David Has To Leave
13A messenger came and told David, “Everyone in Israel is on Absalom's side!”
14David's officials were in Jerusalem with him, and he told them, “Let's get out of here! We'll have to leave soon, or none of us will escape from Absalom. Hurry! If he moves fast, he could catch us while we're still here. Then he will kill us and everyone else in the city.”
15The officials said, “Your Majesty, we'll do whatever you say.”
16-17David left behind ten of his wives to take care of the palace, but the rest of his family and his officials and soldiers went with him.
They stopped at the last house at the edge of the city. 18Then David stood there and watched while his regular troops and his bodyguards marched past. The last group was the 600 soldiers who had followed him from Gath. Their commander was Ittai.
19David spoke to Ittai and said, “You're a foreigner from the town of Gath. You don't have to leave with us. Go back and join the new king! 20You haven't been with me very long, so why should you have to follow me, when I don't even know where I'm going? Take your soldiers and go back. I pray that the Lord will be kind and faithful to you.”
21Ittai answered, “Your Majesty, just as surely as you and the Lord live, I will go where you go, no matter if it costs me my life.”
22“Then come on!” David said.
So Ittai and all his men and their families walked on past David.
David Sends the Sacred Chest
23The people of Jerusalem were crying and moaning as David and everyone with him passed by. He led them across Kidron Valley and along the road toward the desert.
24Zadok and Abiathar the priests were there along with several men from the tribe of Levi who were carrying the sacred chest. They set the chest down, and left it there until David and his followers had gone out of the city.
25Then David said:
Zadok, take the sacred chest back to Jerusalem. If the Lord is pleased with me, he will bring me back and let me see it and his tent again. 26But if he says he isn't pleased with me, then let him do what he knows is best.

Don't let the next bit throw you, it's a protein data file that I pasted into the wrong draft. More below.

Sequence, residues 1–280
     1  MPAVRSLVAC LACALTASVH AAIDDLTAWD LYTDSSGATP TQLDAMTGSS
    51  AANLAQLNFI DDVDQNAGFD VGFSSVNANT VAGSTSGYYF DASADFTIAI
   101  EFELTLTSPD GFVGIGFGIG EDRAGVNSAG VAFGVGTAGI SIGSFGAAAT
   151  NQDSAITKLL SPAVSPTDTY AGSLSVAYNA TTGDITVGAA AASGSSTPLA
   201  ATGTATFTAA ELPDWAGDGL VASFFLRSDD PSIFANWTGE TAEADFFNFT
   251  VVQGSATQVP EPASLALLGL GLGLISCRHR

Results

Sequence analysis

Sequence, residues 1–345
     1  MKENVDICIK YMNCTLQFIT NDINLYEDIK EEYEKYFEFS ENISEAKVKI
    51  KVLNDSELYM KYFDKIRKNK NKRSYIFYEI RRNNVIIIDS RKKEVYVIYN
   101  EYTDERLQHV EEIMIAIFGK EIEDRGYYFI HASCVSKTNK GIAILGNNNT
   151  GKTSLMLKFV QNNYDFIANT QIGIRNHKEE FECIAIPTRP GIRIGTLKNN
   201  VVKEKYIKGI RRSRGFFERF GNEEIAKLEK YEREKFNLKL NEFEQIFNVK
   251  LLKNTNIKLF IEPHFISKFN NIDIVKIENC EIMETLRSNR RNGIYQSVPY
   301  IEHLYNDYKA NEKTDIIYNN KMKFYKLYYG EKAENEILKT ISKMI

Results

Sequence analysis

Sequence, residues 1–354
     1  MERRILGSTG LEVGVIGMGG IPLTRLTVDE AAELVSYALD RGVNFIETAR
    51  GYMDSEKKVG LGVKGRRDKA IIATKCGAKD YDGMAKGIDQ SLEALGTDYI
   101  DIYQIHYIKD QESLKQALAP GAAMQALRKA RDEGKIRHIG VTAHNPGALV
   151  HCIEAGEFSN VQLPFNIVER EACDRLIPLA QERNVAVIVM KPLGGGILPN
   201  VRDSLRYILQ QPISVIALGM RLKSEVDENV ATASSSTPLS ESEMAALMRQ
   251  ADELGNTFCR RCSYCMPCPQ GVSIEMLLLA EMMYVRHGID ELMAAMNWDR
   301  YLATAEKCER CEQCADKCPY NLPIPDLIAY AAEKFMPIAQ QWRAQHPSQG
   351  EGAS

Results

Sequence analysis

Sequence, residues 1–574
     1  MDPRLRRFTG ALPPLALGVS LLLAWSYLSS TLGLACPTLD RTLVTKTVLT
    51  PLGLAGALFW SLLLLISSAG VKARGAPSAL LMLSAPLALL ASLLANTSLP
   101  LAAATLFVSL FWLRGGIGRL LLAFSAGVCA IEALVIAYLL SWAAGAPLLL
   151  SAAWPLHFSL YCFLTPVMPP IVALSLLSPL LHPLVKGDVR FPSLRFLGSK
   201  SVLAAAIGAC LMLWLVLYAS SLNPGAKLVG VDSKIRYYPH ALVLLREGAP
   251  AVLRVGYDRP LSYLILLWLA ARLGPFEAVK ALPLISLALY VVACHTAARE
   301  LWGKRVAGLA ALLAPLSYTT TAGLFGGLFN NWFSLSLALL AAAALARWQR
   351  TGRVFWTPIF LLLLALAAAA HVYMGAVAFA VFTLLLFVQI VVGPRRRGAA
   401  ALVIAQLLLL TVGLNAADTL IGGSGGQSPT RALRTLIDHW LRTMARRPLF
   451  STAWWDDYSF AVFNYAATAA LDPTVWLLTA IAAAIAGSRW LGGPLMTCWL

What happens when pragmatism comes into conflict with principle? As a king facing an armed rebellion, David fled his palace and abandoned the capital city. Propelled by fear, he left in a hurry with only the inner circle of his court to accompany him. The city was getting ready for disaster to sweep down upon it, and the king was heading for the hills.
At this bleak point, David really did not know who he could trust. He felt sorry for those who were stuck with him in such desperate straits. He felt a stately concern for the officials who accompanied him and for the people who lined the roads and wept as the king and his retinue passed by. He was reluctantly coming to terms with his own limitations.
As he sized up the situation, David looked first at the non-citizens among his followers. He knew it made more practical sense for such people to cozy up to the incoming authorities rather than to cast their lot with a man on the run. So he offered them a way out.
However, they refused to leave and pledged their continuing loyalty to David.
David’s second encounter on this flight from Jerusalem was with two priests who joined him carrying the Ark of the Covenant. Once again, David did not try to co-opt people or symbols of power to protect himself. At this stage, he was willing to let God be in control. “Let [God] do what seems good to him” (26).
Practically speaking, those who extend their support willingly are offering infinitely more than help that is in any way coerced. So when David encouraged his servants to go their own way, he actually invited them into a deeper level of service and commitment. Unpragmatic acts of generosity are apt to deliver practical results.
O God, I would prefer not to face desperate circumstances before I can acknowledge the truth about my situation and myself. Help me to cultivate a generous spirit towards other people, to act boldly whenever that’s required and to relinquish my desire for personal control. May I trust you to direct my paths.